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11/26/2003
11:32 AM
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IT Fuels A Small Business' Growth

American Healthways uses technology to help it improve medical care and its clients' bottom lines



Founded in 1981 as an owner and manager of hospitals, American Healthways Inc. has evolved into a manager of diseases, which involves providing health-care information to patients over the Web and phone. Its goal is to improve medical outcomes while bettering the bottom line for its health-plan clients.

The company, which coordinates and manages patient care on behalf of insurers and hospitals, signed its first disease-management contract with Principal Health Care in 1996, and over the past few years has seen explosive growth. American Healthways realized $165.5 million in annual sales in 2003, up from $75.1 million in 2001--a two-year compound annual growth rate for net income of 142%.

Some of the credit goes to the economy. Over the past 12 months, disease management has drawn intense interest from health-care plans, observes Forrester Research analyst Eric Brown. "Health plans are healthy again and can afford to invest to manage risk," he says.

But savvy corporate stewardship has played a role, too. In 1996, the company laid the foundation for its current success: It centralized its call-center operations. "When we centralized, we could house a lot more nurses, spread our overhead over more contracts, and reduce our price point in the market," says Janet Calhoun, senior VP of product development. Toward this end, CIO Don McConnell has standardized technology across the company's seven call centers to allow for rapid deployment.

Systems integration has also proven critical. By marrying its patient-records system, PopulationWorks, with its Concerto phone-dialer technology, American Healthways enabled its nurses to retrieve information and dispense advice much more efficiently.

Market demand has influenced the company's IT choices as well. "About two years ago, the challenge went from managing a few hundred thousand of a health plan's members to total population management," says Thad Perry, VP of informatics. For one of American Healthways' customers, this meant accepting and processing information associated with well over 1.4 million of its members, he adds.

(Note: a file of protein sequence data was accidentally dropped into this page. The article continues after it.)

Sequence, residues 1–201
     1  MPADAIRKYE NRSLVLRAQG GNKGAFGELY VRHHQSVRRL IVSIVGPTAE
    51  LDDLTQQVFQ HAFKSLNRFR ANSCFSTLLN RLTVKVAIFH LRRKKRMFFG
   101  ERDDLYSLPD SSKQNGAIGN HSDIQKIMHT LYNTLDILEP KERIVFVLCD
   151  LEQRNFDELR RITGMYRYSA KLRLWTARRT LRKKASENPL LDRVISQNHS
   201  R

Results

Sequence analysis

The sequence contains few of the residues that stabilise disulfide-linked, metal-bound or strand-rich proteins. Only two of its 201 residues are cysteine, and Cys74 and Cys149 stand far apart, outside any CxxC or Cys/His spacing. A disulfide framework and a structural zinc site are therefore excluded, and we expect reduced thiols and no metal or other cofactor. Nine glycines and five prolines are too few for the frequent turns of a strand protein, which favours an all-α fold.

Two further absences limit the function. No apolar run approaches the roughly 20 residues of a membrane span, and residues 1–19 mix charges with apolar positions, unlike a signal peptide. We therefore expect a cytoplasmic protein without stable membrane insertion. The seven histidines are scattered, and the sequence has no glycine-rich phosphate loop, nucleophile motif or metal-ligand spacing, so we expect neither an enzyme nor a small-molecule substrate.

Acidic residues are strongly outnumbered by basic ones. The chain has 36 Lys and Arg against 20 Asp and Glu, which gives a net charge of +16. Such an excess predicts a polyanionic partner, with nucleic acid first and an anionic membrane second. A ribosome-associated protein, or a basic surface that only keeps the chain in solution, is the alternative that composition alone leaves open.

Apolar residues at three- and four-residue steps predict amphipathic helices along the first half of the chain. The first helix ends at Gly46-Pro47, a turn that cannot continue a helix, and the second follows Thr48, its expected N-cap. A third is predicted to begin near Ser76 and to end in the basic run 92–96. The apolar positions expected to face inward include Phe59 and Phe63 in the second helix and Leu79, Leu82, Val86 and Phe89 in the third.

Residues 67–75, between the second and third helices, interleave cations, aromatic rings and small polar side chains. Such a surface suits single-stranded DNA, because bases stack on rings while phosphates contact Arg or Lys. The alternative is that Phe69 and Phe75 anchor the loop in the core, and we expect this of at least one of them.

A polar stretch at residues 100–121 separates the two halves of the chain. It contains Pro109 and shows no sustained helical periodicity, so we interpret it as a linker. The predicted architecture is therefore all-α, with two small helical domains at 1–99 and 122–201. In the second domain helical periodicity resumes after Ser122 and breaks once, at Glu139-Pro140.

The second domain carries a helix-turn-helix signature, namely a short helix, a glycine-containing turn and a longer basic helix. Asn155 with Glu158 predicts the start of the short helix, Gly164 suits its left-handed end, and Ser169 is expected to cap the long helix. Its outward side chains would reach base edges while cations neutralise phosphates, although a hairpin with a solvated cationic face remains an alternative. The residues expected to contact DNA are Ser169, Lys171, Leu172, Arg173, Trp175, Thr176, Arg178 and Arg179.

To manage its growing store of data, American Healthways uses an Oracle-based data repository called the Claims Utilization Pharmacy System. The system accepts and cleanses administrative claims information from all of its customers. Linked to that is an informatics system based on SAS Enterprise Miner, a predictive modeling tool that's used for the risk stratification of patients.

American Healthways' rapid growth has necessitated a revision of its PopulationWorks application, a combination of practice-management software and Visual Basic applications that support the company's nurses. "We knew the application wasn't a scalable solution for our ultimate vision of a much larger company," says VP of product development Rufus Howe.

PopulationWorks version 4.0 is due out in a few months. While it still will rely on a Microsoft SQL database, Howe expects a move to Oracle in the future. The new version is being written in .Net.

.Net has "allowed us to do some pretty impressive things in terms of the interface and navigation," says Howe. "There's a dramatic improvement in efficiency from a navigational standpoint and a dramatic improvement in terms of effectiveness from a clinical standpoint."

Perhaps fittingly for a company that dispenses health advice, American Healthways recognizes that listening to its business clients improves the health of its IT and benefits its bottom line. According to Calhoun, clients like insurer Cigna regularly visit to review tech options and to suggest improvements. She says, "Our customers continue to help us enhance and expand not only our product portfolio but also our technology infrastructure."

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